Sen. Sonny Angara said the country should start exploring for oil in the South China Sea but that it should “proceed carefully.”

He said the natural gas reserves from the Malampaya complex near Palawan would soon be depleted.

Senate President Pro Tempore Ralph Recto said the government should consider joint exploration as the country does not have the financial resources to undertake such investment-heavy endeavors alone.

“The challenge is how to skirt the issue of sovereignty. Can we (claimant nations) set aside the issue temporarily and focus on the economic benefits?” Recto said.

He said the government must try to secure a better deal than the one for the Malampaya program – or one that ensures bigger share of profit for the country.

Last week, President Duterte disclosed that Chinese President Xi Jinping had threatened war if the Philippines would insist on drilling for oil in the West Philippine Sea.

Beijing, however, appeared to have sidestepped the war threat claimed by Duterte.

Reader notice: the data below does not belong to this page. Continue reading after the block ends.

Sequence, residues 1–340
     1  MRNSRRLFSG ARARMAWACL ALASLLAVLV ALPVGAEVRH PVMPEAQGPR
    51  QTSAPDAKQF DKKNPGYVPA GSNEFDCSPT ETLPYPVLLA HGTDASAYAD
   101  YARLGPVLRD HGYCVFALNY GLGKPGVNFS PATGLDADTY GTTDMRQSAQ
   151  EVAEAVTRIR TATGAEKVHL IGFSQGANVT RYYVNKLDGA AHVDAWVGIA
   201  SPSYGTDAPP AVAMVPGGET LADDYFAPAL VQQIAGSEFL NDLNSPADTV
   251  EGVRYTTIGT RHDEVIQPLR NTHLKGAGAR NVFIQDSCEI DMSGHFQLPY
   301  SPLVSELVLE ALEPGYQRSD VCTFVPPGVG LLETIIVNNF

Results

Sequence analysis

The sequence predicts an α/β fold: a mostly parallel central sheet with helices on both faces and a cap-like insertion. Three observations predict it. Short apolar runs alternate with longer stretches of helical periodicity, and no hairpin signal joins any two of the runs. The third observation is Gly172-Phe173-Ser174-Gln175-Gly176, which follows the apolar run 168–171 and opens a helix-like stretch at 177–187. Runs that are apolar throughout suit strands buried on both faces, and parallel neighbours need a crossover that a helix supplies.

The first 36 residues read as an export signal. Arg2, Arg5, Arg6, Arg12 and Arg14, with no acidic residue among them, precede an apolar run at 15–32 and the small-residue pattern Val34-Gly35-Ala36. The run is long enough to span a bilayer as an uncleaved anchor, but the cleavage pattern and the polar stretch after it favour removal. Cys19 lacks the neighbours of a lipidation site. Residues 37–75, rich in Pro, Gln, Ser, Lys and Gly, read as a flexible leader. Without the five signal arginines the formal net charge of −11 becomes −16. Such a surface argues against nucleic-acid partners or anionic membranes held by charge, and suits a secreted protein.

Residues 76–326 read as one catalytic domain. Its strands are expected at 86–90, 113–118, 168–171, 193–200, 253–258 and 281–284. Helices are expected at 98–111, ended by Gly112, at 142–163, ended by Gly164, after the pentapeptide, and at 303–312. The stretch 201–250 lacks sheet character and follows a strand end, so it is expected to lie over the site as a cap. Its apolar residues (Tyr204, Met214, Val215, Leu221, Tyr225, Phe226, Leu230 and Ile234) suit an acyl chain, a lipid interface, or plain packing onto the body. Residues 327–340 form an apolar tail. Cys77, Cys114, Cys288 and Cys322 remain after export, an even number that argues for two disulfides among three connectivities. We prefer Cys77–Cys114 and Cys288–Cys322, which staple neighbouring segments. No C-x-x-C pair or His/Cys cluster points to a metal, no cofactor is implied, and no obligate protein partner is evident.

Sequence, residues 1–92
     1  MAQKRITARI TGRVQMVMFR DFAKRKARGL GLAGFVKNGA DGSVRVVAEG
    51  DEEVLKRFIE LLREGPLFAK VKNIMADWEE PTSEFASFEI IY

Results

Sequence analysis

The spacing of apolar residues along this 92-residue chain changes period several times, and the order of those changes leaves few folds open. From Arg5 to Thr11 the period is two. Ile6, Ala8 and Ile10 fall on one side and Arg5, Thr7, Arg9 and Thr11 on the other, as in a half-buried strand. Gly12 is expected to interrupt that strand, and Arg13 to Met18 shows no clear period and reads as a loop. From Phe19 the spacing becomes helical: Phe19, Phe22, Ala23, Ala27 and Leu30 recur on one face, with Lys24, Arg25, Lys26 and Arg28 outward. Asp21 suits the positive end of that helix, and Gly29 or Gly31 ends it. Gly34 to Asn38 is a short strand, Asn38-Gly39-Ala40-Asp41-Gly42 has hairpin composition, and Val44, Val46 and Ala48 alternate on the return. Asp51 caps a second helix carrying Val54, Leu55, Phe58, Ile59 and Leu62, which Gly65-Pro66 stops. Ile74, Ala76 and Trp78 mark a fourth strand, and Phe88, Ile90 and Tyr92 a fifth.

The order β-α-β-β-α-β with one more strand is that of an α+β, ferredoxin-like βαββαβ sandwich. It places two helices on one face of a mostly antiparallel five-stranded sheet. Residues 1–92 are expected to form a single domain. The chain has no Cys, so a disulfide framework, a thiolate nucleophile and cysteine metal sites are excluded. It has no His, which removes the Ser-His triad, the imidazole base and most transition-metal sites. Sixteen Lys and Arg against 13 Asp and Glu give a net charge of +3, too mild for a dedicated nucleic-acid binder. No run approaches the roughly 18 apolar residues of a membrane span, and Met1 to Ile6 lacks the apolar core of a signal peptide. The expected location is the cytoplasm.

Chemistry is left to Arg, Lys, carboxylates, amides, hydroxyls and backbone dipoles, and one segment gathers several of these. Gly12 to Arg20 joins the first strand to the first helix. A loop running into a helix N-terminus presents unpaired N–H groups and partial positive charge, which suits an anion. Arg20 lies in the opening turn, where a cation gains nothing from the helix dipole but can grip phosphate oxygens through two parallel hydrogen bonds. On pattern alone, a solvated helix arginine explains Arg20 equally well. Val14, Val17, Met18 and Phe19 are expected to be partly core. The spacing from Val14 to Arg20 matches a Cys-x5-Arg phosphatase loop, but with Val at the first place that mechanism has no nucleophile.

“I said it is ours and I will drill the oil. And I tell them do not do it because it is ours. But I have the arbitral ruling. But they said that if you force the issue, we will go to war,” Duterte said, quoting Xi.

Sen. Sherwin Gatchalian, for his part, said the government should now focus on building naval and research facilities near Benham Rise – renamed Philippine Rise – to hasten exploration activities in the area.

Gatchalian, chairman of the Senate committees on energy and on economic affairs, made the call after President Duterte signed Executive Order No. 25, renaming Benham Rise to Philippine Rise.

“There is an urgent need for us to hasten the conduct of extensive research so we can map out strategies on how to develop the area and use its rich natural resources to enrich the lives of the Filipino people,” he said.

“Changing its name has put emphasis on our sovereign jurisdiction over this vast mass of underwater plateau. Now that we have done that, government must now shift its attention to how to utilize its natural resources before our neighbors discover its hidden treasures,” he added.

The Senate economic affairs committee is finalizing its recommendations for the creation of the Benham Rise Development Authority (BRDA), as proposed by Angara, to spearhead research and development efforts for the resource-rich area.